If season four has a fault it is, in my opinion, that it is too short. Creator Joss Whedon and company tried to do too much in too short a period of time—-exploring the sometimes difficult transitions to college life, the impact college life can have on high school friendships, the fears Buffy, Willow, Xander, Oz, and Giles continue to deal with, the dark side of academe, and the dark side of the military mentality with its macho no questions asked mode of operation as opposed to the Scoobies more collective decision making approach—-one of the military men from the Initiative calls it anarchic. The arc of the Scoobies drifting apart only to get back together at the end of the season was, in particular, far too brief and, as a result, of far less impact than I am sure was intended. While the crossovers between Buffy and the first season of the Buffy spin-off Angel—-at least five first season episodes of Angel weave in and out of season four episodes of Buffy—-helps fill in some of the gaps of season four and for this reason every analyst of Buffy should watch both simultaneously and in broadcast order—-this really doesn’t allay my feeling that season four was far too dense and far too rushed.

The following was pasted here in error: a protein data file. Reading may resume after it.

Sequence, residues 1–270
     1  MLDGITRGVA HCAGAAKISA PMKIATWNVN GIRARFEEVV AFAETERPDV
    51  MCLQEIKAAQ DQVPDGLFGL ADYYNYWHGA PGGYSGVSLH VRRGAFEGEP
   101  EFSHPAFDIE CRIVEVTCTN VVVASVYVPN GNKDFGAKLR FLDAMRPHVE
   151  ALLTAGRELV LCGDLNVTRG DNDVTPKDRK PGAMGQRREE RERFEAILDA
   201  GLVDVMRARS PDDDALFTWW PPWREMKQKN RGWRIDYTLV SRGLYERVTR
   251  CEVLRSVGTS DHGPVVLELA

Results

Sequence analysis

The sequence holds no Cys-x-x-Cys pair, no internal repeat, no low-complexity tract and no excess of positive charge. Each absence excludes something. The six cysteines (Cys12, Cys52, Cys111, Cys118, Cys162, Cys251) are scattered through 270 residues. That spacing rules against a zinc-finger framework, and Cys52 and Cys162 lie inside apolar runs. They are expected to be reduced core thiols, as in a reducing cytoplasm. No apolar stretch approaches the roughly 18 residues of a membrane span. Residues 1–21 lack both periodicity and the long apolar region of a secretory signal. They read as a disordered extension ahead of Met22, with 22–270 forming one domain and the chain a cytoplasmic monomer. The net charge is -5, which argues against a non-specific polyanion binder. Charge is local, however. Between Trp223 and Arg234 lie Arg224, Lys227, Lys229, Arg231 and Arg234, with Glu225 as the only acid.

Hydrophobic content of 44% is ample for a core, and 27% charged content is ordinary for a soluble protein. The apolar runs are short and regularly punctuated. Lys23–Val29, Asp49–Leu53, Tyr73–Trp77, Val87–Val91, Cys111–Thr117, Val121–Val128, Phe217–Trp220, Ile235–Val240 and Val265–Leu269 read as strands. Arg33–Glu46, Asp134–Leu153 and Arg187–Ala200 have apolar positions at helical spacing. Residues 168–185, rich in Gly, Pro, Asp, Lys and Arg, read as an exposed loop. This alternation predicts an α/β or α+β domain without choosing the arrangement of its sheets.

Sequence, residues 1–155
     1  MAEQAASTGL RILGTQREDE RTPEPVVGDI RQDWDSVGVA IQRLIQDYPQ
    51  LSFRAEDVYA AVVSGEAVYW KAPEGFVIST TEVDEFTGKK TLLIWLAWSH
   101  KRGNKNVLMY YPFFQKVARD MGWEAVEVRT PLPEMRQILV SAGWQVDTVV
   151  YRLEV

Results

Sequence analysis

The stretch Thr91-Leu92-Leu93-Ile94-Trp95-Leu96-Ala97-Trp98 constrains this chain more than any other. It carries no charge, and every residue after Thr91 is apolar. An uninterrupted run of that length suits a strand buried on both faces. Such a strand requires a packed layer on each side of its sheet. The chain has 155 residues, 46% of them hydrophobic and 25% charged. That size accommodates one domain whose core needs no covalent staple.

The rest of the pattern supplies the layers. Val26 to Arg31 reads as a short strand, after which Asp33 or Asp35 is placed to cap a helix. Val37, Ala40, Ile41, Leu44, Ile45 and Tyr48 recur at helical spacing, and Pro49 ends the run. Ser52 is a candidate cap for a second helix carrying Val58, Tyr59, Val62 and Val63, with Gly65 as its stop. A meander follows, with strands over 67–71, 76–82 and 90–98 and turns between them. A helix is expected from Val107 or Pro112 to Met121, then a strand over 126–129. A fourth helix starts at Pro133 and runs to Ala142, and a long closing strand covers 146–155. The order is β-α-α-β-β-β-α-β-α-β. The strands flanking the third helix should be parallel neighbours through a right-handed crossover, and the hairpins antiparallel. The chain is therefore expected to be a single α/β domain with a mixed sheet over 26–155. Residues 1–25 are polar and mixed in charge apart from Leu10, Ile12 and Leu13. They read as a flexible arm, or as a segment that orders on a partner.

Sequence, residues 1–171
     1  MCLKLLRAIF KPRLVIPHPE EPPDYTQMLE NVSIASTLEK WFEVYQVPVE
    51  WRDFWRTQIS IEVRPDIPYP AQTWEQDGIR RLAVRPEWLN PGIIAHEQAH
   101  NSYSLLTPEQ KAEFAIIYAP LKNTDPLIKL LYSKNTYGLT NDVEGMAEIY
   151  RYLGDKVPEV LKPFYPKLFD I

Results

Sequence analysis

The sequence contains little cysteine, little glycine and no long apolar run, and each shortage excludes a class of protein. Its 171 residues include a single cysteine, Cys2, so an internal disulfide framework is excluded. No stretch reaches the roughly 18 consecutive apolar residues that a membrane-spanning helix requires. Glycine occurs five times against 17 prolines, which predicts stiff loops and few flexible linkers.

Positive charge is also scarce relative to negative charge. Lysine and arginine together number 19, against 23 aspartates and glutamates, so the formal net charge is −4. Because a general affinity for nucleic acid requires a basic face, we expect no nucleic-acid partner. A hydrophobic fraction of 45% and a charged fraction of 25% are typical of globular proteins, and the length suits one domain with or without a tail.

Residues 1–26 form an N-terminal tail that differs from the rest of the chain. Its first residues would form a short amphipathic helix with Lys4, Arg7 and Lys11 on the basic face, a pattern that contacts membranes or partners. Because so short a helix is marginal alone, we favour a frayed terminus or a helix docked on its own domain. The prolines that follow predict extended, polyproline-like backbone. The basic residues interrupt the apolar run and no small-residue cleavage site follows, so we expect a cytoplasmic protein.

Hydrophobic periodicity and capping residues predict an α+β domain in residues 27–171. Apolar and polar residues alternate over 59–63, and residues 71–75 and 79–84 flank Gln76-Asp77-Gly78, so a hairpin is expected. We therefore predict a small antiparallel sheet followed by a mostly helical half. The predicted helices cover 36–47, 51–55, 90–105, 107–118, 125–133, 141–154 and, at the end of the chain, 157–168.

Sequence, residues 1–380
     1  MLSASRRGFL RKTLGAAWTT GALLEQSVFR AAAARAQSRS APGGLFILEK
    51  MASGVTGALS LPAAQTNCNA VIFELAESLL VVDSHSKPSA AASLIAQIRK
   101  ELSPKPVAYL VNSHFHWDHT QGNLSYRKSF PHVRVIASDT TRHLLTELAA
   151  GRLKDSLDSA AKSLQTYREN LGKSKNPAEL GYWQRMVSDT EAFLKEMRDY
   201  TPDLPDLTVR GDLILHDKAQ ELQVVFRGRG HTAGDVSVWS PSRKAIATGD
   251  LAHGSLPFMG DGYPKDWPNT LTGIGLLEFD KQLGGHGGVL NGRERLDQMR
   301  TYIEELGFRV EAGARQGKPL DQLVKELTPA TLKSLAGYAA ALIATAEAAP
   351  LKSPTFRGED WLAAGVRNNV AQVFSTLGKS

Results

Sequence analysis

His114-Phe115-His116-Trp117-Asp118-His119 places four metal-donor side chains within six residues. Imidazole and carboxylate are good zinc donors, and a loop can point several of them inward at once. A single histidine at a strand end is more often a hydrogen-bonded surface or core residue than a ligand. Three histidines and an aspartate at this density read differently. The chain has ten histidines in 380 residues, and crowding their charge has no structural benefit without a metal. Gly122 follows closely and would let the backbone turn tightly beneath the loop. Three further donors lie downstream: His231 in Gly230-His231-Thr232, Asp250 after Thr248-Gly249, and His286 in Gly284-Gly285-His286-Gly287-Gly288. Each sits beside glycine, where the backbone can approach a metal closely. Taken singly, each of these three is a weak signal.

I’m not sure who the intended audience for Billson’s monograph is. If it was aimed at the Buffy scholar-fan community it is too short and too light to displace works like Nikki Stafford’s in-depth analyses of the show in Bite Me and Once Bitten or the numerous in depth analytical essays which range from explorations of the existentialism of Buffy at scholar fan sites like All Things Philosophical in Buffy the Vampire Slayer and Angel the Series to issues surrounding Spike’s redemption at scholar fan sites like The Soulful Spike Society. If it was aimed at the Buffy fan-scholar then it is far too critically light too add much to the enormous volume of academic discourse that has been generated on Buffy’s feminism, Buffy’s supposed sexism, Buffy’s suppose post-colonialism, and Buffy’s ageism in contemporary Cultural and English Studies. If it was aimed at the general non-Buffy audience I am not sure they are interested. All I can say in conclusion is that a show which has garnered the massive scholar-fan and fan-scholar attention deserved better than this from the BFI the enjoyable prose and pretty pictures notwithstanding. Still, all this said this book is often more insightful and certainly more enjoyable than most of the jargon filled tomes and articles that come off of academic word processors these days.
This review appeared in somewhat different form as “Review of Anne Billson’s Buffy the Vampire Slayer”, Historical Journal of Film, Radio, and Television 27.4 (October 2007), pp. 601-602.